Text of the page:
A new study published in the American Journal of Clinical Nutritionsuggests that pregnant women who take at least 600 milligrams per day of folic acid- in the first month of pregnancy – have a 38 percent lower chance of having a child with autism or Asperger’s.
Folic acid, the synthetic form of the B-vitamin folate, has been added to breakfast cereals and other grains in the United States since 1998 because of evidence showing deficiencies in pregnant women made it more likely their babies would have brain and spine birth defects.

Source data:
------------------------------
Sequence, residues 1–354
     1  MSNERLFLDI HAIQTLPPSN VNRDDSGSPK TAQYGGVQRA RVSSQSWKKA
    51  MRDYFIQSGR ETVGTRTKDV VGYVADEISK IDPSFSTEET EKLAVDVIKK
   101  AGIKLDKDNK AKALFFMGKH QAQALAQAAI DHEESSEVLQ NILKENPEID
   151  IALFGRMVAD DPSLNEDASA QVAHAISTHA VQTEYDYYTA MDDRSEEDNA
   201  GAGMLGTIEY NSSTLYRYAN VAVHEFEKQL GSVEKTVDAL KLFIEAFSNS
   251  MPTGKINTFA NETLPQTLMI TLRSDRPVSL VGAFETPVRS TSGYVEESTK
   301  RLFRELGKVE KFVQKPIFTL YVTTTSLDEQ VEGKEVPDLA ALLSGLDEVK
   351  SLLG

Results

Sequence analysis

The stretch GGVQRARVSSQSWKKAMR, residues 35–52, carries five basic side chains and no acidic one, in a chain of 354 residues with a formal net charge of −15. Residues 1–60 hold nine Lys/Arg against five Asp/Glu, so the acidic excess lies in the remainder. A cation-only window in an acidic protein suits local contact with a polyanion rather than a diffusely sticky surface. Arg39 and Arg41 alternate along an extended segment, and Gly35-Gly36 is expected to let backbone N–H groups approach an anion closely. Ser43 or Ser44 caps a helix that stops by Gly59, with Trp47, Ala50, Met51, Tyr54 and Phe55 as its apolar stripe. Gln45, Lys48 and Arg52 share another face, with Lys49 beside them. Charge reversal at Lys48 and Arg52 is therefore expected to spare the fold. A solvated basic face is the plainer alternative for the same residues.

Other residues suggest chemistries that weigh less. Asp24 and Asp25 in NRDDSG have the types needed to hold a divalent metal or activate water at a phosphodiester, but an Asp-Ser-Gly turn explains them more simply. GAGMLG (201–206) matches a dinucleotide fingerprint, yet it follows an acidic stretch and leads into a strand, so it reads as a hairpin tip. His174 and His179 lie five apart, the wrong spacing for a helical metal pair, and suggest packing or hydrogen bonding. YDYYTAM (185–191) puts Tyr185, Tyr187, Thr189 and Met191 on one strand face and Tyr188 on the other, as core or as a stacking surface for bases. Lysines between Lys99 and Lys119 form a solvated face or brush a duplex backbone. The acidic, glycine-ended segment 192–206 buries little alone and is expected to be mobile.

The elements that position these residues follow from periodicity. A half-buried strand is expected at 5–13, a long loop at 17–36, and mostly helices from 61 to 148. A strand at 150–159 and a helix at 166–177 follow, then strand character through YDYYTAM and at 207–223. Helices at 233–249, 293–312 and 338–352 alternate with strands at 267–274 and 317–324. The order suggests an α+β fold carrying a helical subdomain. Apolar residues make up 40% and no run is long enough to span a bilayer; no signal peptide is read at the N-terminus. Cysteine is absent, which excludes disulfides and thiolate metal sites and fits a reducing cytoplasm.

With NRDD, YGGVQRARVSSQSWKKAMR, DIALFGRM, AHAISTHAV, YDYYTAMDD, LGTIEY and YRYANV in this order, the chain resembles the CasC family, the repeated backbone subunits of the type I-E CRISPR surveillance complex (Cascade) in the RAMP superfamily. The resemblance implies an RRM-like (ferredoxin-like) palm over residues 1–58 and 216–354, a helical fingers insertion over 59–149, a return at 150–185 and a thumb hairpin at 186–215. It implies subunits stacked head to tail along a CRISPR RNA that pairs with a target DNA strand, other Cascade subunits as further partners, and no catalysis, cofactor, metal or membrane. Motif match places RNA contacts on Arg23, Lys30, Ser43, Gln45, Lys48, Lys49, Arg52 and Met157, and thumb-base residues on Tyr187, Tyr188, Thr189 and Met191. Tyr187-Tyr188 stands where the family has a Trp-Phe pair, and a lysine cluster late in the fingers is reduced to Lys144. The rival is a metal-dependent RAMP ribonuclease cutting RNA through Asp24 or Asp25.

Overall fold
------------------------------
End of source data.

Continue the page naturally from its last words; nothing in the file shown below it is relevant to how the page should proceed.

Questions remain about whether a lack of the vitamin, or difficulty processing it, might increase the risk of mental retardation and certain developmental disorders as well.
Folate "becomes very critical in the early stages of life… as well as the first year of life, when basically the brain is establishing connections and functions," said Edward Quadros from SUNY Downstate Medical Center in Brooklyn, New York.
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